KINGSTON WI: Meeting October 4, at Kingston Parish Hall. Gone in a Flash, A History of Firework Displays by Tim Wilcox.

Before our talk by Tim Wilcox we had our business part of the meeting. The treasurer, Carol Taplin, told us that our situation was very healthy, yet we need to fund raise so we can remain that way. The preserves that are nearing their sell-by date were sold at a reduction at the meeting. Members were reminded that the shoe boxes will need to be sent off soon so members donations of either money or items is becoming due.

The president and secretary represented Kingston WI at past member Marnie Spruce’s Funeral on Monday October 1.

Activities include a walk in the Ringmer area on October 24, meet at the end of the Street at 9.30am. Tap dancing is at the Parish Hall on the second and fourth Thursday of each month 7.30pm. Pilates is also at the Parish Hall, every Tuesday 2pm to 3pm. Craft Club is every Friday at the Pavilion, 2pm to 4pm. Members were told that a visit to the Depot Cinema for a future performance of either ballet or opera is to be announced next month.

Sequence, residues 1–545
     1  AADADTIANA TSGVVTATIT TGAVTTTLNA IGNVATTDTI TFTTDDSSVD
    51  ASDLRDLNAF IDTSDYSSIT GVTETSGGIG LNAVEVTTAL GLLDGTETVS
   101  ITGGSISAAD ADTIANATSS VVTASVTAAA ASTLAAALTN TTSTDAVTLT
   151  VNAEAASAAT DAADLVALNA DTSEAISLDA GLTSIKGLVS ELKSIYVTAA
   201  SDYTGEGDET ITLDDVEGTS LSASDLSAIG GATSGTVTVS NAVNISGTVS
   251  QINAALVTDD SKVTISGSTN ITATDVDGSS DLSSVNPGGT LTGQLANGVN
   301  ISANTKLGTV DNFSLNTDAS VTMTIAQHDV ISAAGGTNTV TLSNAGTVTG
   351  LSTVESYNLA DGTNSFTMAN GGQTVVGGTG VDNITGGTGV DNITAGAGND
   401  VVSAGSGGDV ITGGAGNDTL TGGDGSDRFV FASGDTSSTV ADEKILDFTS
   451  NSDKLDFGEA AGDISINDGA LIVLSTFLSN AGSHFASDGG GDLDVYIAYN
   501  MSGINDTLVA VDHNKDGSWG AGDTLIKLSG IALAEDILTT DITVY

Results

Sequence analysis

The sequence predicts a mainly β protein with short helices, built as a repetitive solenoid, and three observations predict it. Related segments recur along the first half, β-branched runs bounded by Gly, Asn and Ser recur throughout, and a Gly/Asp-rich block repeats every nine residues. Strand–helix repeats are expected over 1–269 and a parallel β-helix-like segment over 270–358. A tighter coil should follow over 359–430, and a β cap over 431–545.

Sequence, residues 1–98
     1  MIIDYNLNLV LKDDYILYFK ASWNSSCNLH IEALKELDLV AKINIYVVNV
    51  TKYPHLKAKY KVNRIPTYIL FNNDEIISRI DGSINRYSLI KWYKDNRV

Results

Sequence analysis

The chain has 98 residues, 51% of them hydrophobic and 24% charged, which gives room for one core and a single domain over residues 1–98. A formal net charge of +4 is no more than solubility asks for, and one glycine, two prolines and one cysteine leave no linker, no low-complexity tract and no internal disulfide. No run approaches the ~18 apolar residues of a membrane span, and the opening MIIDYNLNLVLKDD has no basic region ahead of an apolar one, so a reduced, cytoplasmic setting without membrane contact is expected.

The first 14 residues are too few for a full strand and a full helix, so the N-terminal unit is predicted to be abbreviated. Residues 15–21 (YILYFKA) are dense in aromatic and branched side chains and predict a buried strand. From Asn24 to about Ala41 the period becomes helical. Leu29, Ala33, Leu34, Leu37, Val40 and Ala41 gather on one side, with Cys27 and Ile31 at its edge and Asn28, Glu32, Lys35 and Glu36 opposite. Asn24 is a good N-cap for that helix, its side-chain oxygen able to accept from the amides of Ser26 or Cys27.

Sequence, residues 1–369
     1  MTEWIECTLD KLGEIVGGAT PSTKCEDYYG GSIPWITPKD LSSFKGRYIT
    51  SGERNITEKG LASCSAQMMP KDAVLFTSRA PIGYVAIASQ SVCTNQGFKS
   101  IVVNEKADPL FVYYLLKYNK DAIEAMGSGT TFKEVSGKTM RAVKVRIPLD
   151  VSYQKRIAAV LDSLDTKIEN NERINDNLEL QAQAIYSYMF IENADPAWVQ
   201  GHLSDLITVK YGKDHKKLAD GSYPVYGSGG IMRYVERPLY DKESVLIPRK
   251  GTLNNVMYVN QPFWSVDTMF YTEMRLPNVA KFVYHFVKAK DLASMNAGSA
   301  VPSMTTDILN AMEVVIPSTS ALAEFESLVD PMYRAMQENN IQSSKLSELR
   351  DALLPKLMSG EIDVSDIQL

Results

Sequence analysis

Tim Wilcox gave us a very unusual and interesting talk and slide show about the history of firework displays. They began in the 16th century and improved and increased in size in the 17th and 18th centuries. We were shown slides depicting famous structures like Big Ben’s tower being used as a launch pad for fireworks in 1713 long before the display for the London Olympics. Other displays were performed for special occasions, such as the marriage of the Duke of Wittenberg, which lasted a month in 1630 and of the marriage the Dauphin in 1763 in Paris. Great European kings and emperors like Louis 14th were so rich and able to display their wealth with lavish firework displays. In Green Park in April 1749 fireworks and Handel’s music celebrated the end of war in Europe. Some of the costs to present these displays were enormous; one event cost £12,000 in the 1700’s, and to celebrate peace after the Napoleonic war a display cost £38,000. Famous artists such as Turner and Whistler captured displays on canvas but some of the best remembered displays come with Olympic game’s ceremonies, especially Beijing, China, the inventors of fireworks and London 2012. (Helen Dudley).